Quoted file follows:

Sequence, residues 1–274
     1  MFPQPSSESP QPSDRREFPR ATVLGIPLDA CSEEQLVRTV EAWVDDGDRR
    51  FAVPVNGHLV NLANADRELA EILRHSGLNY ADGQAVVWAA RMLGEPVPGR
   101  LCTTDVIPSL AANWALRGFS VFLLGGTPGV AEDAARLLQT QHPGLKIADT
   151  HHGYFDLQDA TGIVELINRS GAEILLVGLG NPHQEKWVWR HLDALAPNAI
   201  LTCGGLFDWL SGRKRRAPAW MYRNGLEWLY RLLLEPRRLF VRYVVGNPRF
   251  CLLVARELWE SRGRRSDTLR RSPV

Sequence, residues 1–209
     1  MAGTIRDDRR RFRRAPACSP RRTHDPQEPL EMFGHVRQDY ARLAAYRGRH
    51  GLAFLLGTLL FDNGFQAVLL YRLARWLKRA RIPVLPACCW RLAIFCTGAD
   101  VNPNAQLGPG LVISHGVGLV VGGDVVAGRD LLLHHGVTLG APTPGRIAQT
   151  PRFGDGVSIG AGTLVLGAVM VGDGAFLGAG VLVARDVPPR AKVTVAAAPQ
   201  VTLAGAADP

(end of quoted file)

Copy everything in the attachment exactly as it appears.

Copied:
Sequence, residues 1–274
     1  MFPQPSSESP QPSDRREFPR ATVLGIPLDA CSEEQLVRTV EAWVDDGDRR
    51  FAVPVNGHLV NLANADRELA EILRHSGLNY ADGQAVVWAA RMLGEPVPGR
   101  LCTTDVIPSL AANWALRGFS VFLLGGTPGV AEDAARLLQT QHPGLKIADT
   151  HHGYFDLQDA TGIVELINRS GAEILLVGLG NPHQEKWVWR HLDALAPNAI
   201  LTCGGLFDWL SGRKRRAPAW MYRNGLEWLY RLLLEPRRLF VRYVVGNPRF
   251  CLLVARELWE SRGRRSDTLR RSPV

Sequence, residues 1–209
     1  MAGTIRDDRR RFRRAPACSP RRTHDPQEPL EMFGHVRQDY ARLAAYRGRH
    51  GLAFLLGTLL FDNGFQAVLL YRLARWLKRA RIPVLPACCW RLAIFCTGAD
   101  VNPNAQLGPG LVISHGVGLV VGGDVVAGRD LLLHHGVTLG APTPGRIAQT
   151  PRFGDGVSIG AGTLVLGAVM VGDGAFLGAG VLVARDVPPR AKVTVAAAPQ
   201  VTLAGAADP